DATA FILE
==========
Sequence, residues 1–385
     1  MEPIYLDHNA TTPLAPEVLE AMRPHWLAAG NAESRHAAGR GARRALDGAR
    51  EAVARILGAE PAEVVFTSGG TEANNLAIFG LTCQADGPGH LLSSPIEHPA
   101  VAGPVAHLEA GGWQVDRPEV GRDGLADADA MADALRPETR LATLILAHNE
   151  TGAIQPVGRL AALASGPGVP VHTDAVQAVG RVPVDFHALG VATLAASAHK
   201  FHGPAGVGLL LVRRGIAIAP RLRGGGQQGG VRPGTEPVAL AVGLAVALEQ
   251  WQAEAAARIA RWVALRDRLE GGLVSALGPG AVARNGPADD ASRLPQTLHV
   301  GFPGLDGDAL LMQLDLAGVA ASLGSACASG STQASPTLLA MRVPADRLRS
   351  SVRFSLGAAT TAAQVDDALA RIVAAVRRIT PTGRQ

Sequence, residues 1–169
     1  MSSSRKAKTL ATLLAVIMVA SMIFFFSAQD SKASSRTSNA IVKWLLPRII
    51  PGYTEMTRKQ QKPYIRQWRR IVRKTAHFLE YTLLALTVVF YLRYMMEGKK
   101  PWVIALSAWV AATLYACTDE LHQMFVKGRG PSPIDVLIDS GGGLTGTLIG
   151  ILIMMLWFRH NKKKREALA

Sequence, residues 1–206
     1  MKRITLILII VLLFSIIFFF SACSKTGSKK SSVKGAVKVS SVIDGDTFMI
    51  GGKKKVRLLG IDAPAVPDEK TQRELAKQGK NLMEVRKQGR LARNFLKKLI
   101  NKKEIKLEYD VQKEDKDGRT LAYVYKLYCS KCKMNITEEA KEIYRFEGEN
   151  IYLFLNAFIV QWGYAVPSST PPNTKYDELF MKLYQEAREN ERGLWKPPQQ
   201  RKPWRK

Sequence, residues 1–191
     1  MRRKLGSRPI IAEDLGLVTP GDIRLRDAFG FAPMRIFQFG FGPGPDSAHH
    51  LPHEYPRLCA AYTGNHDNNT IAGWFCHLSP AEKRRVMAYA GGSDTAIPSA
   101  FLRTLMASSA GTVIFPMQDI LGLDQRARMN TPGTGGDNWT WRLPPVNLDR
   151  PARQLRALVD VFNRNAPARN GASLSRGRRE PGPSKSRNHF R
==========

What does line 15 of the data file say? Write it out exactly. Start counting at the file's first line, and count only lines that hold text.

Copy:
Sequence, residues 1–206